Computerized fluoroscopy (CF) allows visualization of any segment of the arterial vascular system with intravenous injection of small volumes of standard iodinated contrast media. Because it avoids the risk of arterial puncture and the need for hospitalization, this technique is safer and more economical than standard arteriography. Because of these advantages, CF is likely to expand the role of arteriography in the clinical management of vascular disease.
Computerized arteriographic imaging requires an intravenous power injection of 40 to 60 cc of iodinated contrast media. Immediately after injection, six to ten fluoroscopic images (1/15 sec duration) are obtained at 1.5-sec intervals. The first image serves as a mask from which subsequent images are serially subtracted by means of a digital video image processor. The sequence of different images is contrast enhanced and stored on a video disk. Video images are converted to hard copy arteriography with a standard multiformat camera. Technical failures (<5%) may result from patient motion, inadequate peripheral venous access, or extravasation of contrast media.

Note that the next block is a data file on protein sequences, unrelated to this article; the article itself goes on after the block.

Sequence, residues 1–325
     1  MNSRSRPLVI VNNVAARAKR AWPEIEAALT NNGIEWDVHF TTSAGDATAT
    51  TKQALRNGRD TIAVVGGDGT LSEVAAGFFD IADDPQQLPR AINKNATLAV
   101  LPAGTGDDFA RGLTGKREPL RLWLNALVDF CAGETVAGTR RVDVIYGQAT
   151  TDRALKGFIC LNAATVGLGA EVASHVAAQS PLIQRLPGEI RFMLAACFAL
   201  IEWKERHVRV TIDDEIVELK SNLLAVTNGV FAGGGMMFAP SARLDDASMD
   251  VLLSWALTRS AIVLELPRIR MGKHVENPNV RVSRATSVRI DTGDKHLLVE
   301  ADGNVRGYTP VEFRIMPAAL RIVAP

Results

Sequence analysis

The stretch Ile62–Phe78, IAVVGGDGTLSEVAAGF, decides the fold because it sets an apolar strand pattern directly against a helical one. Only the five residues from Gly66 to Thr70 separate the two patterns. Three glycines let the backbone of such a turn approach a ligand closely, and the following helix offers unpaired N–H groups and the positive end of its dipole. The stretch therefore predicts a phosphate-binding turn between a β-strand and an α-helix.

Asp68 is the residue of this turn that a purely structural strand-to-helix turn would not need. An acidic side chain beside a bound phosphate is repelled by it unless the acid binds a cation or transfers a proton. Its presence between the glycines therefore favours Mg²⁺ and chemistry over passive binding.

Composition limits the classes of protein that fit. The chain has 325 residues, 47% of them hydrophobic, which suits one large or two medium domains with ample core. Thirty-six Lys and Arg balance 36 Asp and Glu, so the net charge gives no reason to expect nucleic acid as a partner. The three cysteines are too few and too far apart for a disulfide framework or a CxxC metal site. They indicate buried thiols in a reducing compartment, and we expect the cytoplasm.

Nearly 600 computerized intravenous arteriograms have been performed in 240 patients with peripheral vascular disease. Qualitative com-parisons with standard arteriograms suggest a close correlation between these two imaging techniques. Computerized fluoroscopy allows the identification of atheromatous plaque ulceration, stenoses, occlusions, and aneurysms. This method has been used to visualize the aortic arch and its branches, the cervical and intracranial vessels, the abdominal aorta, and arteries of the extremities. Computerized fluoroscopy has great potential as a method for safe, simple diagnostic screening and assessment of the postoperative patient.